For many years, women have been encouraged by their doctors to have annual Pap tests to screen for cervical cancer but new guidelines released by the American College of Obstetricians and Gynecologists reveals that the wait time can actually be three to five years between tests.
“Women can feel very comfortable with this,” said David Chelmow, head of obstetrics and gynecology at Virginia Commonwealth University and leader of the development of the ACOG guidelines. “The bottom line is, this is enough.”
The new guidelines were put in place to give doctors and patients a better idea of proper testing and to avoid testing too often.
According to the new guidelines, women under the age of 30 should have the Pap test once every three to five years while those over 30 should have a Pap test and an HPV test (a test for Human Papillomavirus) once every five years.
Cervical cancer is caused by prolonged infection with specific types of HPV. Women who are diagnosed with HPV will not necessarily develop cancer. According to doctors, there are over 100 strains of HPV and only some of them are linked to cervical cancer.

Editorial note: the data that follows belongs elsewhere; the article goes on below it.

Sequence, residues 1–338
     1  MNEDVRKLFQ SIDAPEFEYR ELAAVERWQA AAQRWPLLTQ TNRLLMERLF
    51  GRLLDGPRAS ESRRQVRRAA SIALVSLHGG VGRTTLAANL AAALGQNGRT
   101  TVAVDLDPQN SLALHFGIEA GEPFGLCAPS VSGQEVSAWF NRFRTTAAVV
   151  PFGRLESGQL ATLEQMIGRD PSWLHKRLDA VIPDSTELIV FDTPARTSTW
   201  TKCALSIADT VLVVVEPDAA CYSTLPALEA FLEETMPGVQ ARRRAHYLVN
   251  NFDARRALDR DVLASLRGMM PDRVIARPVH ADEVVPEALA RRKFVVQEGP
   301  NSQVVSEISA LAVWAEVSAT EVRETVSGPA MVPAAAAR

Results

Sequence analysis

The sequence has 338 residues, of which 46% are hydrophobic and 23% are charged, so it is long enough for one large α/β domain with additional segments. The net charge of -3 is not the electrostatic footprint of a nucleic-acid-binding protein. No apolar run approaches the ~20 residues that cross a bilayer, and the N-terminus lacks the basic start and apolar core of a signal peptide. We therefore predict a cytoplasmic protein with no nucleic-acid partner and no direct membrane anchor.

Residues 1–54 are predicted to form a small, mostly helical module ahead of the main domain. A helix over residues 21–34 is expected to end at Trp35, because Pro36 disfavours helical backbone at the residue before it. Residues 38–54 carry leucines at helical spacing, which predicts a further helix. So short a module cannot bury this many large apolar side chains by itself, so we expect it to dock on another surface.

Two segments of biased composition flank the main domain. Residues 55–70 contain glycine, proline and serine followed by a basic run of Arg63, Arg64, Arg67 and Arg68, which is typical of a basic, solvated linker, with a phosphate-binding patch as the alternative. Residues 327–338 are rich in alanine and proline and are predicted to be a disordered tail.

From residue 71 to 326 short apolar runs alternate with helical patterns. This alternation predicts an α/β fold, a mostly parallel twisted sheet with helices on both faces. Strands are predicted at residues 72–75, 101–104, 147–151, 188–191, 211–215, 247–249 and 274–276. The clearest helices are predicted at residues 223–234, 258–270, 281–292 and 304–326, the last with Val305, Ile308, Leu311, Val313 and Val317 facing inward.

The FDA has approved vaccines for HPV but experts urge women over 30 years of age to get tested regardless of whether they’ve been given the vaccine. “They [women who’ve had the vaccine] should follow the same screening recommendations as everyone else,” Chelmow notes.
According to the CDC (Center for Disease Control and Prevention) 12,280 women in the United States were told they had cervical cancer in 2007 (the most recent year for which statistics are available) and 4,021 died from the disease.
Source(s): FDA, CDC, Obstetrics and Gynecology